Maker Faire organizers thrilled about move to Aberdeen Pavilion

Remco Volmer sounded awfully excited Friday about the big happenings at Lansdowne Park this weekend.

But his enthusiasm had nothing to do with the CFL’s RedBlacks or the North American Soccer League’s Fury, both of which are scheduled to play significant games at TD Place.

Rather, Mr. Volmer is all fired up over robots, drones and 3-D printers. He is one of the organizers of Maker Faire Ottawa, which takes place at the Aberdeen Pavilion on Saturday and Sunday.

The event, which is devoted to the burgeoning do-it-yourself maker movement, will host about 120 exhibitors, more than double the 50 who showed off their wares at last year’s Maker Faire at the Canada Science and Technology Museum. 

The museum is closed for repairs until 2017, but even had it been available organizers probably would have needed a larger venue, Mr. Volmer added.

“I think there is an increased sense from people that they want to get hands-on again,” he said. “We’ve had a period of time where people were just buying stuff and consuming stuff, and I think there’s a need for people to feel connected to their objects again. You see it in the increase in cottage industries – small-time manufacturers and producers that do small-batch production and sell it either online or at craft fairs.”

Maker Faire – which bills itself as “part science fair, part county fair” – is now in its sixth year. What started in 2010 as a small affair at the Arts Court with a handful of exhibitors has become a highly anticipated annual event that is expected to attract more than 6,000 people to a 33,000-square-foot venue. 

“It’s grown pretty dramatically in a couple of years,” said Mr. Volmer, the managing director of Artengine, a non-profit facility dedicated to fostering the connection between art and technology.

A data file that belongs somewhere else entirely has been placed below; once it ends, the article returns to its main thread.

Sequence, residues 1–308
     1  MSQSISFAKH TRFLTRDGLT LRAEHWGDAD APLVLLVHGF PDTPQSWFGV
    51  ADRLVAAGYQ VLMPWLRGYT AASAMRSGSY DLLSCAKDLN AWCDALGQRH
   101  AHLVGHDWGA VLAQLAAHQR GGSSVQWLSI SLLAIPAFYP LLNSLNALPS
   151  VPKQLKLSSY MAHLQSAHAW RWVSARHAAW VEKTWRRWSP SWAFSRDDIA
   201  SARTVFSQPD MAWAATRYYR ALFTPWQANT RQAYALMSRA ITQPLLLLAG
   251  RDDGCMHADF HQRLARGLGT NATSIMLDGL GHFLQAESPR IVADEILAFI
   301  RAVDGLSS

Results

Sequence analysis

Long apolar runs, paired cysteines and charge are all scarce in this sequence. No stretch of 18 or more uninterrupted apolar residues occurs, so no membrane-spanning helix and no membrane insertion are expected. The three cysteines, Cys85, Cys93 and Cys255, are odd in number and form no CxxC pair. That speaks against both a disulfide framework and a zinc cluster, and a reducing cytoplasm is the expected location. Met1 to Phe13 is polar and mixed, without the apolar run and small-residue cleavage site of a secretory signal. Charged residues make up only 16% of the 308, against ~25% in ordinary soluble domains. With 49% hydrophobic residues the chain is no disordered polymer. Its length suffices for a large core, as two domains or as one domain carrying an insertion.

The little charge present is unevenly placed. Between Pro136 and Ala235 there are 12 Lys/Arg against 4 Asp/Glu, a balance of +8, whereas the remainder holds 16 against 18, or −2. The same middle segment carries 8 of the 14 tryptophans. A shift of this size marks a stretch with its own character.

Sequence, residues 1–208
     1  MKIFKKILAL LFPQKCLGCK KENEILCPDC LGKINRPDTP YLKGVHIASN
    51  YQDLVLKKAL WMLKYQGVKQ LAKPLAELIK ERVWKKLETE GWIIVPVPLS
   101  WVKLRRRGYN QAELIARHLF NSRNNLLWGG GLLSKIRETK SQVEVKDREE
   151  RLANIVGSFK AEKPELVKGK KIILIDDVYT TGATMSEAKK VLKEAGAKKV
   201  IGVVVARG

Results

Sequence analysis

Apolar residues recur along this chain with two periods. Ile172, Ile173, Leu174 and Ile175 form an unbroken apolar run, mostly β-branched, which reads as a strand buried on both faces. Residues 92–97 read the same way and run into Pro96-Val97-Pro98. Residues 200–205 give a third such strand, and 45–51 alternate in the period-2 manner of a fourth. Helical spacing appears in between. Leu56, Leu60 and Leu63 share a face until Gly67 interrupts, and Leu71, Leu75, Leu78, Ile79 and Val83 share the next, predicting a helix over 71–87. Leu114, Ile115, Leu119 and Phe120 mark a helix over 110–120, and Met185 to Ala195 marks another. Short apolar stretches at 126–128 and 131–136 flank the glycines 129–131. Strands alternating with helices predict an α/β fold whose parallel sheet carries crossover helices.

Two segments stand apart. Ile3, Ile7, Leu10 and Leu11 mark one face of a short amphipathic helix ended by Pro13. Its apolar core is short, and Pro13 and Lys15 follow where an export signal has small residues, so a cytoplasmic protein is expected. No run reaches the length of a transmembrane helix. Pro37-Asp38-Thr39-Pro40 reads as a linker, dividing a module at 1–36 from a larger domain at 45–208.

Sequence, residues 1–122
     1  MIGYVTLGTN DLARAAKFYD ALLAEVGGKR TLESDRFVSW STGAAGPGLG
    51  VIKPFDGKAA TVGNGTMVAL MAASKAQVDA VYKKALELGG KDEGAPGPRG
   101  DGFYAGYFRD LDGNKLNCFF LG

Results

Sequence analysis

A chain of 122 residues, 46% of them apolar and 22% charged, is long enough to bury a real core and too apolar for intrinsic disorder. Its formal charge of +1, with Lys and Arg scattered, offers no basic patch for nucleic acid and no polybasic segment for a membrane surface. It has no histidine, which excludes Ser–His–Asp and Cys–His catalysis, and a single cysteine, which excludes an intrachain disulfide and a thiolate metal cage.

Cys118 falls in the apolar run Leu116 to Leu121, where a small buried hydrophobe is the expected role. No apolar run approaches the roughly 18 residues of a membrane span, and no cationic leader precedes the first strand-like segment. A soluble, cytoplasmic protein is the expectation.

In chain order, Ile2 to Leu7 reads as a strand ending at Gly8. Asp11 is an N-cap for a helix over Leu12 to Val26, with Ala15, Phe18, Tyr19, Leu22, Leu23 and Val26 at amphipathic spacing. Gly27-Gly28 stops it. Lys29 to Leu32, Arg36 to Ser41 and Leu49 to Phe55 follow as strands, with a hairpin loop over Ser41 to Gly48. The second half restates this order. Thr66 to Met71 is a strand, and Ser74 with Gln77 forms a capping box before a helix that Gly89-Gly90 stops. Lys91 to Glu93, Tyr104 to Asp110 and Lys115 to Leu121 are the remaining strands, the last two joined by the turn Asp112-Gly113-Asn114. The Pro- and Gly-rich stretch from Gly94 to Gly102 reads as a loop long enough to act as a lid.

He’s attended similar events in Toronto, Montreal and New York and says what sets Ottawa’s fair apart is its emphasis on how art and machines intersect. 

“As producers, what we’re trying to inject in it is a very strong arts focus,” he said. “That’s something that we haven’t seen at other maker fairs.”

The centrepiece of this year’s event is Happy Machine, a curated project that features exhibits such as Paparazzi Bot, a robot that senses when people approach and automatically photographs them, and Kentucky Perfect, a device that “scans” patches of grass that are cut every 20 minutes by a reel mower.

Other features of Maker Faire include a workshop for kids and a biotechnology exhibit. Among the items on display are an incubator that was built using recycled parts from microwaves and other appliances at a cost of about $350.

Participants in the maker movement are “practical problem-solvers,” Mr. Volmer said, pointing out the incubator was created from components that would otherwise likely have ended up in a landfill.

“That principle can be applied to, let’s say, developing countries where they don’t have the money to buy high-end stuff, but they still need these tools,” he said. “That is such an example of the maker spirit, where you find solutions to problems.”

Tickets are available online and at the door at a cost of $10 for adults and $5 for students, seniors and youths aged 13-19. Children 12 and under get in free. For more information, go to makerfaireottawa.com.